Respiratory Health of Fire Fighters

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Health and Safety
TitleRespiratory Health of Fire Fighters
Publication TypeReport
Year of Publication2006
AuthorsDe Vos, AJBM, Cook, A, Devine, B, Thompson, PJ, Weinstein, P
Date PublishedAugust 2006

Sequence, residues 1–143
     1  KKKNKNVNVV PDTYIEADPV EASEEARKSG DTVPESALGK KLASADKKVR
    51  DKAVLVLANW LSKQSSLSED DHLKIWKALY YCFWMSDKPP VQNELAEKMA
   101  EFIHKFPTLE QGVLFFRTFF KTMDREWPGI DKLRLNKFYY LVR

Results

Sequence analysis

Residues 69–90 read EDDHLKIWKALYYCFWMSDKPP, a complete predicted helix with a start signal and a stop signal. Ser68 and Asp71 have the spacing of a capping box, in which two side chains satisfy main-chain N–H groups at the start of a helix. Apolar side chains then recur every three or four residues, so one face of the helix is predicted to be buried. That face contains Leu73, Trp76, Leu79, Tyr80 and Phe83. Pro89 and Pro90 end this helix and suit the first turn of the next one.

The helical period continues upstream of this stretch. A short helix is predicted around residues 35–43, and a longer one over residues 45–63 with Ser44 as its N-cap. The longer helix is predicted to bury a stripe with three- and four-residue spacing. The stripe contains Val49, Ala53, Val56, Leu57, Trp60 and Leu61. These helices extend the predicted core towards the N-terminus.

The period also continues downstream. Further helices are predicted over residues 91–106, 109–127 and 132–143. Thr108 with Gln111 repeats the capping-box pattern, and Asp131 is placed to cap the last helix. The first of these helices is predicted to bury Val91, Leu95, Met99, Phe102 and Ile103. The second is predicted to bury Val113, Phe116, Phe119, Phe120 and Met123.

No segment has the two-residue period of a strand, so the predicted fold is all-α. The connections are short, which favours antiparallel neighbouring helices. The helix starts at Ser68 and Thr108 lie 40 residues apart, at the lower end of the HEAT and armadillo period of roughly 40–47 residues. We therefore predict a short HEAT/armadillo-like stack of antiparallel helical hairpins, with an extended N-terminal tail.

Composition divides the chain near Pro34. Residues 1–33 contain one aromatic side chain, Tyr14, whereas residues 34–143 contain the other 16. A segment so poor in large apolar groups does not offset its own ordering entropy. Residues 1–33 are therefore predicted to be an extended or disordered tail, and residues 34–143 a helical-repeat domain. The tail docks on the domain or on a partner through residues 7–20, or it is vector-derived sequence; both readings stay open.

AbstractThe basis for the research was to assess the effectiveness of protective filters, at the request of Fire and Emergency Services Authority (FESA) of Western Australia. The FESA career fire fighters have - over the years - expressed their concern about the respiratory health effects from inhalation of bushfire smoke compounds, and the effectiveness of the protective filters on their masks. The protective filters issued to the FESA career fire fighters are the particulate filters, which are designed to be used against both mechanically and thermally generated particulates. There is evidence available that the presence of toxic compounds, e.g. formaldehyde, acrolein, and carbon monoxide, in bushfire smoke may pose occupational risks for fire fighters. In particular, acute and chronic lung function impairment after exposure to bushfire smoke in the United States and Europe has been documented in the literature. The study involved six controlled bushfire smoke exposure trials in a smoke chamber, followed by four validation trials in the field during prescribed burns. A total of 131 FESA career fire fighters participated in these study trials. Thirty-seven particulate filters, 50 particulate/organic vapour filters, and 44 particulate/organic vapour/formaldehyde filters were tested and compared. Respiratory health symptoms were assessed by a self-completed respiratory health questionnaire, FEV1 and SaO2 measurements. In addition, personal air sampling inside the masks was conducted with each of the different filter types tested. The results indicate that the particulate/organic vapour/formaldehyde filter provides clinically and statistically significant better protection for fire fighters’ airways while fighting bushfires. Further research is needed to determine the breakthrough times of the filters and the effectiveness of the filters over longer periods, such as a work shift or a bushfire season.